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Haptic localizations for onset and offset of vibro-tactile stimuli are dissociated

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When humans explore the external world, hand and arm movements play important roles. Spatio-temporal arrangements of the environment are perceptually generated mainly by means of the sensory–motor integration of the internal model of these movements with the information obtained during the movements. In order to investigate the mechanisms of this integration process, localization tasks have been studied, and previous studies have suggested that the integration process does not work properly around the time of a hand movement. In particular, when a transient vibro-tactile stimulation is presented before, during, or after a hand movement, the stimulus is systematically mislocalized. However, it is debatable whether the tendency to mislocalize a transient stimulus indicates a general failure of the sensory-motor integration process. Here we investigated the generality of the tendency towards mislocalization by observing haptic localizations to different target types, the onset and offset of continuous vibro-tactile stimuli. We found similar types of mislocalizations in responses to the transient vibration and the onset of a continuous vibration, and a clear difference in the types of mislocalizations in responses to the onset and offset of continuous vibrations.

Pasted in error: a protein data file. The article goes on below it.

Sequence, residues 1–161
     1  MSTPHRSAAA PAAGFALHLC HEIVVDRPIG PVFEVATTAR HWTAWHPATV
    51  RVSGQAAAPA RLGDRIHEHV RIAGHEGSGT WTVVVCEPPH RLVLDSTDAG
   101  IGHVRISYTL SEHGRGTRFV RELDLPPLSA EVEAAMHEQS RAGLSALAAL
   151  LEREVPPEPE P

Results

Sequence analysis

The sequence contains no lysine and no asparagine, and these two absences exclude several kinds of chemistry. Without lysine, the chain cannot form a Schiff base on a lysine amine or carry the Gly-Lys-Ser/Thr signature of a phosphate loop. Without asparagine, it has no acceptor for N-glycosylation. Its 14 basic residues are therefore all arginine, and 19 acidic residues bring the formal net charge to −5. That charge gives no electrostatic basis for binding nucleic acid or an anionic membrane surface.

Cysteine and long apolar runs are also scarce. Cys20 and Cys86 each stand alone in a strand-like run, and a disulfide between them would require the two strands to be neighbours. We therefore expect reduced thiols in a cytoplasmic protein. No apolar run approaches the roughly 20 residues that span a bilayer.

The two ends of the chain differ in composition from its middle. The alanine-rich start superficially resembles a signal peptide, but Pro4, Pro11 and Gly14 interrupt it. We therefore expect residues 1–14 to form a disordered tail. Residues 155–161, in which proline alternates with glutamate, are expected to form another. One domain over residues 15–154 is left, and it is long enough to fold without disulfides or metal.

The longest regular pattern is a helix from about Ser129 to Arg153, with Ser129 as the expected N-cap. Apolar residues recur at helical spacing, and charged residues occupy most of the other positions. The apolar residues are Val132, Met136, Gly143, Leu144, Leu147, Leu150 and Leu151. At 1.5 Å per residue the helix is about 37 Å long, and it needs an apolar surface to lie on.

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Correspondence to Junji Watanabe.

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Watanabe, J., Nakatani, M., Ando, H. et al. Haptic localizations for onset and offset of vibro-tactile stimuli are dissociated. Exp Brain Res 193, 483–489 (2009).

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